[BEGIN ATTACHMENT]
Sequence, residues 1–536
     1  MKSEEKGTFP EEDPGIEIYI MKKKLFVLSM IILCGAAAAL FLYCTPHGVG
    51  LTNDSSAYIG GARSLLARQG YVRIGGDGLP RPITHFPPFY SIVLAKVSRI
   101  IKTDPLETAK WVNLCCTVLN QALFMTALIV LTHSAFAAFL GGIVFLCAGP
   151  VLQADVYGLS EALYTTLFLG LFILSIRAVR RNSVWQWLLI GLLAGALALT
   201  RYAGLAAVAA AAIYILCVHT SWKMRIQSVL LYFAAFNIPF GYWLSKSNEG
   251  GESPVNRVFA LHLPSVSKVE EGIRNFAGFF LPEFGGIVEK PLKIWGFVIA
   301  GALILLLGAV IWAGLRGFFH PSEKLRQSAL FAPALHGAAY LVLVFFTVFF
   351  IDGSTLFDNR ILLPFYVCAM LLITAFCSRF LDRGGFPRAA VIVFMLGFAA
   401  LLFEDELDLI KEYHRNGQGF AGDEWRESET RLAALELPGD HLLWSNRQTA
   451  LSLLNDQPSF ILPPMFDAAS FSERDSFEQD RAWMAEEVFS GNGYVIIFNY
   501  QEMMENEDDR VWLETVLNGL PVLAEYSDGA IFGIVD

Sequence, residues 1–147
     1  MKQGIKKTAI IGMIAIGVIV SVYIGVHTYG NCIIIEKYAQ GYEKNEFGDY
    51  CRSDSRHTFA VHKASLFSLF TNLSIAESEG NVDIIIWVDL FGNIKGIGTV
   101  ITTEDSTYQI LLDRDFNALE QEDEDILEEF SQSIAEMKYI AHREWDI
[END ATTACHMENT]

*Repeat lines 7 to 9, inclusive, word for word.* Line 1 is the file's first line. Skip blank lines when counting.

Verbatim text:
   251  GESPVNRVFA LHLPSVSKVE EGIRNFAGFF LPEFGGIVEK PLKIWGFVIA
   301  GALILLLGAV IWAGLRGFFH PSEKLRQSAL FAPALHGAAY LVLVFFTVFF
   351  IDGSTLFDNR ILLPFYVCAM LLITAFCSRF LDRGGFPRAA VIVFMLGFAA